Encoding performance here went through the roof with Nehalem: a clock for clock boost of 44%. Once more, Nehalem at today's artificially limited, modest clock speed is already faster than any Penryn out today. What Intel did to AMD in 2006, it is doing to itself in 2008. Amazing.

A Quick Path to Memory Faster Unaligned Cache Accesses & 3D Rendering Performance
POST A COMMENT

108 Comments

View All Comments

  • kilkennycat - Thursday, June 05, 2008 - link

    Isn't 6GB of RAM a pretty sweet spot for desktop 64-bit applications, whatever about servers? Reply
  • jimmysmitty - Thursday, June 05, 2008 - link

    Well I have been waiting for Nehalem. I gave in and decided to build a rig with the Q6600 but kinda sad now.

    Anwways. Crank the Planet, hes not showing fanboyism. He stated Intel has been promising 20-30% increase with Nehalem. They are seeing 20-50% from these benchmarks. Take 21 and divide it by 14 that gives you 1.5. That means that the AMD Phenoms latency is about 50% slower.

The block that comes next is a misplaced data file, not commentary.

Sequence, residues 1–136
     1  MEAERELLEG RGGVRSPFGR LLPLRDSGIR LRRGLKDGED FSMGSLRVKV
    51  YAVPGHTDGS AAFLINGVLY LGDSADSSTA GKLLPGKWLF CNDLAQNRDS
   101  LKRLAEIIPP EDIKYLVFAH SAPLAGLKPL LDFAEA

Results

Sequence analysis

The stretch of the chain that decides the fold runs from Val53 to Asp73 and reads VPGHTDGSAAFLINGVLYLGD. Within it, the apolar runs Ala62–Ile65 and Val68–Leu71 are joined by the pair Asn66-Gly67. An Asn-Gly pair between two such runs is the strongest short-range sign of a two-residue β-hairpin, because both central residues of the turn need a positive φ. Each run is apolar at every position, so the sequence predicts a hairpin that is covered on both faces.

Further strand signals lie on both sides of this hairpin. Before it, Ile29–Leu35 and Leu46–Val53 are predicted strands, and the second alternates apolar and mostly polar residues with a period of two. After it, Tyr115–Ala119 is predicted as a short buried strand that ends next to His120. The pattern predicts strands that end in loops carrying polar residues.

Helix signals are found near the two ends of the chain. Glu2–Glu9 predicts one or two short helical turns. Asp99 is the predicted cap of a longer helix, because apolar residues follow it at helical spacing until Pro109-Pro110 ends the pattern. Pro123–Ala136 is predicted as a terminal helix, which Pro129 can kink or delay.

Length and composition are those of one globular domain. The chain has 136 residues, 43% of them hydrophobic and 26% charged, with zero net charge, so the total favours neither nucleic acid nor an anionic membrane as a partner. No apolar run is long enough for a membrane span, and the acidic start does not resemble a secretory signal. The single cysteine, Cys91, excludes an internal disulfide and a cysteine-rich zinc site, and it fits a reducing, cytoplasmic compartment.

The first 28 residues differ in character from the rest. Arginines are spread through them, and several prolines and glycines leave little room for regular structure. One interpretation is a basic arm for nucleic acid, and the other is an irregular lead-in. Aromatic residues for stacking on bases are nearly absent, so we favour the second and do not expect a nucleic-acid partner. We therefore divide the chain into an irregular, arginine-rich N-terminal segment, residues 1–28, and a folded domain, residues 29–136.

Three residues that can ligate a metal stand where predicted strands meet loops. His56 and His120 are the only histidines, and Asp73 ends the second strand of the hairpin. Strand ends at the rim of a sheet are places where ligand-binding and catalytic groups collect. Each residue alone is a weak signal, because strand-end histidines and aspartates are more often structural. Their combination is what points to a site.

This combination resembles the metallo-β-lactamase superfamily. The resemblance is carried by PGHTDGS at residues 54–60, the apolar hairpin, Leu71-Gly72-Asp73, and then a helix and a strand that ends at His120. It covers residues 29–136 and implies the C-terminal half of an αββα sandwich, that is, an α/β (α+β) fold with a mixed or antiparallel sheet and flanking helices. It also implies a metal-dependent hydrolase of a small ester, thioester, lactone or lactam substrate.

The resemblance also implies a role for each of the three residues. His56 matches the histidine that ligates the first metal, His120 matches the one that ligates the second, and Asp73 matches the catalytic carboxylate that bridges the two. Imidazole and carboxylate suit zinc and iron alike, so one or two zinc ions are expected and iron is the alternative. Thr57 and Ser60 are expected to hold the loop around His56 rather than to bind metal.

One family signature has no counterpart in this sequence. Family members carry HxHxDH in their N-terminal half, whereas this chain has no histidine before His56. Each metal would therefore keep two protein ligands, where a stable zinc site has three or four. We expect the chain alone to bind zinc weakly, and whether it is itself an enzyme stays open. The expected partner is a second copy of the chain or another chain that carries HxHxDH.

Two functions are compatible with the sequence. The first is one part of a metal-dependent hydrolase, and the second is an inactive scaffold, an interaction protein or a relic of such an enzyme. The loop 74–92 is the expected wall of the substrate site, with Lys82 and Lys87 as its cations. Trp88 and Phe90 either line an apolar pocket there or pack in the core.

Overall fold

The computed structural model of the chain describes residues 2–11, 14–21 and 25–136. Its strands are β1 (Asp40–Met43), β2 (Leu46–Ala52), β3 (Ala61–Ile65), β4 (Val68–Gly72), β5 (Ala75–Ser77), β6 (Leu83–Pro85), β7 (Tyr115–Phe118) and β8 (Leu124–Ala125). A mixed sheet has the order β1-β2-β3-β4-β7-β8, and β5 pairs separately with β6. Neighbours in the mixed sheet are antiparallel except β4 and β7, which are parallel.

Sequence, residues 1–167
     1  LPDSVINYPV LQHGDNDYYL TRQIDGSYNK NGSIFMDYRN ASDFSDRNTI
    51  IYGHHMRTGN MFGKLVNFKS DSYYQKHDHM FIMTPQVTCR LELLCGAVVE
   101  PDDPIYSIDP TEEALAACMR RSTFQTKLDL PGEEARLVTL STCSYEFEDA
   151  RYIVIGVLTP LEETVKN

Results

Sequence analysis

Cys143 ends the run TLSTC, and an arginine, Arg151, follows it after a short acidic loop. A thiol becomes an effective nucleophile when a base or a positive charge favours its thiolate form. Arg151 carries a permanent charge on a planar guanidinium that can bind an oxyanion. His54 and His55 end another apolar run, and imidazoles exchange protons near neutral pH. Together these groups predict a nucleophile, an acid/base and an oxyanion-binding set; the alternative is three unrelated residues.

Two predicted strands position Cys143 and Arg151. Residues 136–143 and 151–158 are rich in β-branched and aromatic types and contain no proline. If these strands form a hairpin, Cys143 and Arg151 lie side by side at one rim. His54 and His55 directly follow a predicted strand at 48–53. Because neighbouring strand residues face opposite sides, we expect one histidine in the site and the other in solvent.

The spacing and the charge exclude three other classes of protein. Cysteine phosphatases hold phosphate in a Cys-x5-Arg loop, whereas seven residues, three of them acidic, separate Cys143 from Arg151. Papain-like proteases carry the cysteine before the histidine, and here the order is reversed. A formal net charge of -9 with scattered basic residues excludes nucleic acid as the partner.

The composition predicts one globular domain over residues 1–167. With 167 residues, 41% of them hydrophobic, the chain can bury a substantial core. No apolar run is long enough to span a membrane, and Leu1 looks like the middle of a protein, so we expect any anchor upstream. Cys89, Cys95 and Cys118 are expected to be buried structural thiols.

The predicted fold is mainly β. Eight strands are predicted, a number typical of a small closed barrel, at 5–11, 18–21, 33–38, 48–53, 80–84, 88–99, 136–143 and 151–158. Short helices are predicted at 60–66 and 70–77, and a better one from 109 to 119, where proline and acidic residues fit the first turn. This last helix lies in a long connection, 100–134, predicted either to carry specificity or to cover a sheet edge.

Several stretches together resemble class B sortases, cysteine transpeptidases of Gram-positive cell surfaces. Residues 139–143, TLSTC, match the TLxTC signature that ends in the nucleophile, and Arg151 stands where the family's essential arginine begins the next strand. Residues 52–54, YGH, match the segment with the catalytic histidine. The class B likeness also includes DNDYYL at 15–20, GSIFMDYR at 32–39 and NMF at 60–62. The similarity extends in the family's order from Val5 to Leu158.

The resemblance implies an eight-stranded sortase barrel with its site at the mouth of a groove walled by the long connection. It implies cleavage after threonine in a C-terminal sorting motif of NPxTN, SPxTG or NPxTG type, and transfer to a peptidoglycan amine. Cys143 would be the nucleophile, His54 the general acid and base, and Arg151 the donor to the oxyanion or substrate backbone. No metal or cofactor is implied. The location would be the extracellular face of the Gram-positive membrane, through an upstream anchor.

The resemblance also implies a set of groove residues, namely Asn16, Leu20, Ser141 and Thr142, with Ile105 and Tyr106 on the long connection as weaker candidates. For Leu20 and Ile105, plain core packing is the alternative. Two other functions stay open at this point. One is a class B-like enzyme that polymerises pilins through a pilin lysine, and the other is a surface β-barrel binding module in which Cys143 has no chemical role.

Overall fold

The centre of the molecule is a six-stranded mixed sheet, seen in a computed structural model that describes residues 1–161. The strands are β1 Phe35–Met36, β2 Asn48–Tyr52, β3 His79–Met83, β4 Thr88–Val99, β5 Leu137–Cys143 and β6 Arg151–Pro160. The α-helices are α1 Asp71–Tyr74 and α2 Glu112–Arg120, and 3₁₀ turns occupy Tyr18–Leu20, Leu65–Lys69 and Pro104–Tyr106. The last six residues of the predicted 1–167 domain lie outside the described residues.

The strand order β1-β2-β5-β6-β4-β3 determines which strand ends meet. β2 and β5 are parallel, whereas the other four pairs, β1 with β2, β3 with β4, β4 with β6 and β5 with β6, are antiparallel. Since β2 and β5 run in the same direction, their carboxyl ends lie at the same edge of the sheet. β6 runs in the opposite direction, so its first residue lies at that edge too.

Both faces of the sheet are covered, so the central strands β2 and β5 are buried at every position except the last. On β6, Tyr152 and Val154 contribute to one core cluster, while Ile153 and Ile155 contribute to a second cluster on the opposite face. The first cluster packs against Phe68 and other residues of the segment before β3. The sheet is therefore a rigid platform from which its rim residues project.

If anything you are showing fanboyism. Nehalem is showing to be one hell of a chip and you are just angry that AMD has nothing to compare to it. Even after AMD finishes absorbing ATI whats next, K10.5 aka Deneb? Thats just a 45nm refresh (just like Penryn was for Conroe). Unless there are some major changes in the architecture it will just, hopefully, make Phenom run at higher clocks and cooler.